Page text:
German Chancellor Angela Merkel and EU President Jose Manuel Barroso are among the European politicians saying that if Athens could not abide by the rules, it would have to leave the eurozone.
The Guardian asked three experts to analyze the potential consequences such as collapsing banks and soaring inflation, but also possible salvation.
The expert view on what could await Greeks through a separate negotiation.
BY COSTAS LAPAVITSAS
A Greek exit from the euro is approaching and it has little to do with state incompetence. The fundamental reason is cumulative loss of competitiveness for Greece and other peripheral countries, mostly because Germany has kept its labor costs frozen for years.
Since 2010 things have become worse as austerity increased the burden of debt across the eurozone. Greece can no longer handle the discipline of European monetary union, while Portugal, Ireland and Spain are likely to follow.
A Greek default and exit would remove the pressure of debt, boosting competitiveness, lifting austerity and allowing for proper restructuring of the economy and society. In the medium term, the results would be better, but in the short term the shock would be severe — made worse by two years of “rescue,” which will have brought a 20 percent contraction of GDP and 25 percent unemployment by the end of this year.
The first step for Greece should be to denounce the bailout agreements and default on its debt, opening the path for aggressive cancelation. Exit would follow, presenting three sets of problems: monetary, banking and commercial.
The main difficulty of policy would be to keep these separate as far as possible.
Briefly put, the return to the drachma should be sudden, accompanied by a short bank holiday and an immediate imposition of capital controls. For a period, the new drachma would circulate in parallel with the euro and possibly other state fiat money.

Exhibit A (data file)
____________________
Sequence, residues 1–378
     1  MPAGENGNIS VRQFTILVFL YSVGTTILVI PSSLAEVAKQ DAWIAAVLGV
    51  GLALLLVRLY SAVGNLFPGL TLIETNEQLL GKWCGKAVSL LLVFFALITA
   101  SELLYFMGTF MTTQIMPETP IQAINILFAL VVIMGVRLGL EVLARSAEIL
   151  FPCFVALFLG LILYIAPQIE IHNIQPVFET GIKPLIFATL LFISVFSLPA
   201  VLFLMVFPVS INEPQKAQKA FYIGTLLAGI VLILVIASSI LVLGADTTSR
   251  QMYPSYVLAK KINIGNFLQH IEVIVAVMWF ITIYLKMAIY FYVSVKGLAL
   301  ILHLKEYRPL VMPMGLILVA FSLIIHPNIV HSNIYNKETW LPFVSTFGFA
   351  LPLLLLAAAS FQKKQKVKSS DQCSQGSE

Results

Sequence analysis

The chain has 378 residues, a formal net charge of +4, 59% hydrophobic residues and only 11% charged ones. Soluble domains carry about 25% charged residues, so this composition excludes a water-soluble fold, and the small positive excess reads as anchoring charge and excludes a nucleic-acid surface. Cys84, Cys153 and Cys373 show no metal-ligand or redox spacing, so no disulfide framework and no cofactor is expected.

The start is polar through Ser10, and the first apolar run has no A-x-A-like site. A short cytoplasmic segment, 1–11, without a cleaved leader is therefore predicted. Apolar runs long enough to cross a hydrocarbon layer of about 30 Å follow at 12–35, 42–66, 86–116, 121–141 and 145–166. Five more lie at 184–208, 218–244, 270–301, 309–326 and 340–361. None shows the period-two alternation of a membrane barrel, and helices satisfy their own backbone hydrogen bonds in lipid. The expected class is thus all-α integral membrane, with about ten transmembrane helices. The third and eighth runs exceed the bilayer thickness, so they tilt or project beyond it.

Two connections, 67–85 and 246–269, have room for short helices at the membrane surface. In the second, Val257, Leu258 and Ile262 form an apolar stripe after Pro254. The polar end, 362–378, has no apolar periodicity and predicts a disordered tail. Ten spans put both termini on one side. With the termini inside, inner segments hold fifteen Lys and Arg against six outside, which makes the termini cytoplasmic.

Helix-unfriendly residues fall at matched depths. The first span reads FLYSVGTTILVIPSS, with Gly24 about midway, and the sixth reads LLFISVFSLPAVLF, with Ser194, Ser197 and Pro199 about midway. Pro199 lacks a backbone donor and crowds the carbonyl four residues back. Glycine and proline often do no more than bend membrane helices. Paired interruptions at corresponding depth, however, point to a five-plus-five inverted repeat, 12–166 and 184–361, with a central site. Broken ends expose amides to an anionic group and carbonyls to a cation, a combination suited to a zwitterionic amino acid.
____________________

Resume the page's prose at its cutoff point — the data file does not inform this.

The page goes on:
There are 35 billion euro banknotes in Greece, mostly under mattresses. If they could be mobilized, a lot of problems would be made easier.
Banks would find themselves in the firing line as assets and liabilities would have to be converted. To protect depositors, but also to control credit in order to prevent a wave of company bankruptcies and to support employment, banks should be immediately nationalized. The Bank of Greece should rapidly build mechanisms to generate liquidity independently of the European Central Bank.
The exchange rate of the new drachma would collapse in the open markets, making it difficult to secure supplies of oil, medicine, foodstuffs and other goods. As far as possible, the exchange rate should be managed — there should also be administrative controls to ensure that vital goods reached key enterprises, as well as the weakest, during the first critical months.
After the initial shock, the fall in the exchange rate would prove positive for the economy. Greece remains a middle-income country with a substantial productive sector that could recapture the domestic market once imports became more expensive. There is plenty of productive potential in Greece.
What the country truly needs is an industrial strategy, as well as redistribution of income and wealth. That is also why default and exit are necessary.
Costas Lapavitsas is professor of economics at the University of London.